For a list of the full works provided by participating authors, as well as the authors' social media info, author pages, Wikipedia page, check out the Author Innovator spreadsheet.
After the close of the competition, you may apply for an extended key, allowing you to continue to work with the OpenBook API.
The following authors have agreed to give BookSmash developers even more to work with by making their full works available via the BookSmash Challenge version of the OpenBook API. This content is currently for development related to the BookSmash Challenge only and all rights will remain with the authors. Additionally, since the OpenBook API includes content that you cannot distribute publicly, your submitted app must not be made available to the public via the web or online store and no author content may be used or posted online outside of your BookSmash Challenge entry.
Participating authors are also providing social media info, author pages, Wikipedia page, and more for you to integrate into your app as you see fit. This data can be found in the Author Innovator spreadsheet, which also includes a list of the full works provided by each author.
Participating Author Innovators include:
- Rob Bell
- Ian Douglas
- Debra Driza
- Peter Drucker
- Bruce Feiler
- Jeaniene Frost
- Michelle Gagnon
- Kim Harrison
- Eloisa James
- Richard Kadrey
- Karen Le Billon
- C.S. Lewis
- Sarah MacLean
- Julia Quinn
- James Rollins
- Tina Seelig
- Katie Sise
- Kat Von D
- Dan Wells
Don’t forget that you’re welcome to use additional APIs, SDKs, and datasets in your app as long as you have the rights to do so, and also include the OpenBook API. Here are some APIs, SDKs, and datasets you might want to use.
HarperCollins App Idea Bank
HarperCollins is asking you to think about apps for books and reading in a new light. Here are a few app ideas to help you break the binding and get your creative juices flowing.
Reading Experience App Ideas
- A reading experience where readers can annotate the book they are reading and share their notes with others
- A reading experience that lets readers pose questions to the author inline and lets the author respond
- A reading experience that lets readers post experiential context to the a particular passage, chapter, or book
- A reading experience that weaves different books together based on some common thread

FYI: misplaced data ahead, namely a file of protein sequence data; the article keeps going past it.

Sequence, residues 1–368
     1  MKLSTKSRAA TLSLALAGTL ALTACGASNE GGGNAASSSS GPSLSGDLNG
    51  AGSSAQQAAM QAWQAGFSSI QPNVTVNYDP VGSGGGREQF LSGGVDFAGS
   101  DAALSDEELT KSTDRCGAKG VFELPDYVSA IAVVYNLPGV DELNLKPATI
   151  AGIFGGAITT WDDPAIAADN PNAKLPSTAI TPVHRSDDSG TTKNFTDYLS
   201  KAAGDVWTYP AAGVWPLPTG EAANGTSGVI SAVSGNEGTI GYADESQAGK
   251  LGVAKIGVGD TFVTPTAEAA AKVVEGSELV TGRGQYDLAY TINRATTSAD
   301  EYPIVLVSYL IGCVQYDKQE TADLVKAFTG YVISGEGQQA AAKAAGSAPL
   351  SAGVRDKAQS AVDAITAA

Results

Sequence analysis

- An enriched reading experience that links book content to other internet based content via APIs
- A live and/or recorded “reading room” or book club experience
Book Discovery App Ideas
- Apps that suggest books by the context of the book you are reading
- Apps that recommend books based by word frequency within the title
Current Out-of-the-Box Reading Apps
- NY Times Snow Fall – A browser-based digital storytelling app
- Tapestry – A beautifully simple tappable story app
- Versu, By Linden Research, Inc – An interactive reading app where readers become the characters
- The Waste Land, by TouchPress – An ipad app that brings alive the most revolutionary poem of the last 100 years for a 21st Century audience
- Poems By Heart from Penguin Classics, by Penguin Group USA – A memorisation game that will challenge you with classic poems from master wordsmiths
- The Room, by Fireproof Games – A physical puzzler, wrapped in a mystery game, inside a beautifully tactile 3D world
- The Fantastic Flying Books of Morris Lessmore – An experiential digital storytelling app
- iPoe – An interactive app for the works of Edgar Allan Poe
Submission video tips
Aside from your actual app, your submission video is one of the most important pieces of your submission. In fact, it’s often one of the first, and sometimes only, things that judges and voters view. Make a great first impression by following these tips on what to include:
Include a step-by-step demo. Demonstrate your technology’s key functionality and features by walking through your app’s features via screencast or video footage of the app working on an appropriate device. While audio isn’t required, narration or text bubbles can help judges and voters understand and appreciate your technology.
Keep it simple. As per the official rules, your video shouldn’t be longer than five minutes. In the words of Leonardo da Vinci, “Simplicity is the ultimate sophistication.”
Don’t wait until the last minute to upload your video. Keep in mind that the time it takes to upload/process a video on YouTube or Vimeo varies greatly depending on the format of your original video, file size, upload traffic, Internet connection speed, and could take anywhere from a few minutes to several hours or more.
Don’t know much about making videos? Check out these helpful screencasting tools.